Click to view slideshow.
Every fall, all first-year students at Yale-NUS College participate in a one-week mini-course outside the classroom, as part of the Learning Across Boundaries (LAB) program. In 2016, Christopher Asplund and I co-taught a Week 7 course in Singapore on “Stories of Ourselves,” which focused on the construction and destruction of memory and identity, at the individual and collective levels. The link between memory and identity, of course, is narrative: the stories we tell about ourselves. In both the individual and collective cases, however, there are often alternative or competing narratives. We thus explored topics such as building and challenging national identity, the science of memory and dementia, narratives after death, the aftermath of sexual violence and trauma, the preservation and loss of cultural heritage and history through film, creative writing and drawing, and site visits to Singaporean neighbourhoods and organisations.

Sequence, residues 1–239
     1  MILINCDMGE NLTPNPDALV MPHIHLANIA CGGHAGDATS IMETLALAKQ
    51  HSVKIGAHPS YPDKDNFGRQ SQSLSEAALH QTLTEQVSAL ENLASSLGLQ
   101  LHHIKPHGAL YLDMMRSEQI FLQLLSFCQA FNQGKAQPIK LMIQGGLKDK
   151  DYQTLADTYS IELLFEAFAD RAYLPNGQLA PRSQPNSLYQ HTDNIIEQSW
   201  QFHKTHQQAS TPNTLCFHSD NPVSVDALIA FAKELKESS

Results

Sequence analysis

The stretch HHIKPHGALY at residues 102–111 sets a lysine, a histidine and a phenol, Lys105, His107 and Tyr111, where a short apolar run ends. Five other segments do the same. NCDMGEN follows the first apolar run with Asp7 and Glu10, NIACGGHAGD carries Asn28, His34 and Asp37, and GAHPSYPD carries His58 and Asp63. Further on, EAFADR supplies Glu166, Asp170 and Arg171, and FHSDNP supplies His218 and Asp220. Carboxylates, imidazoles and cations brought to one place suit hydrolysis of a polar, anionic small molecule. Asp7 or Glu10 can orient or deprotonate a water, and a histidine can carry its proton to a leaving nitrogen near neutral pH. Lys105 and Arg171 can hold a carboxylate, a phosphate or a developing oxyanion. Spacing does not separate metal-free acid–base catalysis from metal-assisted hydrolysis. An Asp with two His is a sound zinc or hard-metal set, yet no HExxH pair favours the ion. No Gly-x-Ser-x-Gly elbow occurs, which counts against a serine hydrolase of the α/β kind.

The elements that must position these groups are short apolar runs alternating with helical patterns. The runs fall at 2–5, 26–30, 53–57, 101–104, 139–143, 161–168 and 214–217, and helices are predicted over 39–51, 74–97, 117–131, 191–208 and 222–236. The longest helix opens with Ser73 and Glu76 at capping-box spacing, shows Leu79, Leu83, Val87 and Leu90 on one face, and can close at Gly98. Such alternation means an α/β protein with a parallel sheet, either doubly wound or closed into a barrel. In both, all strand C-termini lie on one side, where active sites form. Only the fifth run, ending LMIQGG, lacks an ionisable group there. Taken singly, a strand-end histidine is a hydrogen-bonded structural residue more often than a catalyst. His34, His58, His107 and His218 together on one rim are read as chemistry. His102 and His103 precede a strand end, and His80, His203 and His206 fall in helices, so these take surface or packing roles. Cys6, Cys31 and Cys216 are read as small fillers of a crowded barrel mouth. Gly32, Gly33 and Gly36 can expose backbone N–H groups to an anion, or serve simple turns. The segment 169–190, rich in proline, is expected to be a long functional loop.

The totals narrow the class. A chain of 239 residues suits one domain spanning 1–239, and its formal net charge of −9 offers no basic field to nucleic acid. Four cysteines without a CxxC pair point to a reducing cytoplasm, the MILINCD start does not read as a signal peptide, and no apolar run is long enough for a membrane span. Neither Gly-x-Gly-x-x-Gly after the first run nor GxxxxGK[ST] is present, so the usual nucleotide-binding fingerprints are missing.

Readings and Itinerary:
Wednesday, 21 September
Reading #1: Lily Kong & Brenda S.A. Yeoh, The meanings and making of place: Exploring history, community, and identity
Reading #2: Charles Mills, “White Ignorance” (pp. 17-19, 28-34)
Thursday, 22 September
Reading #1: John Demos, The Unredeemed Captive, “Beginnings”
Reading #2: Julie Beck, “Life’s Stories”
Friday, 23 September
Reading #1: Susan Brison, Aftermath: Violence and the Remaking of A Self (Chs. 1 and 6).
Reading #2: Nina Strohminger and Shaun Nichols, “Your Brain, Your Disease, Your Self”
Saturday, 24 September
Reading #1: Terence Chong and Chua Ai Lin, The Multiple Spaces of Bukit Brown (pp. 27-39)
Reading #2: Martha Nussbaum, “The Damage of Death” (pp. 27-30, 33-35)
Sunday, 25 September
Reading: Robin Henig, “The Last Day of Her Life”
For their final symposium project, the students created a presentation, video, and visual display. The visual display had flip-cards with an “official story” on top and an “alternative narrative” inside.
Seeing the students’ final projects – how they achieved everything we hoped for, through media more thoughtful, creative, and compelling than anything I had previously imagined – was an incredibly rewarding teaching and learning experience. I am very, very grateful all the students, staff, and facilitators that made it all possible.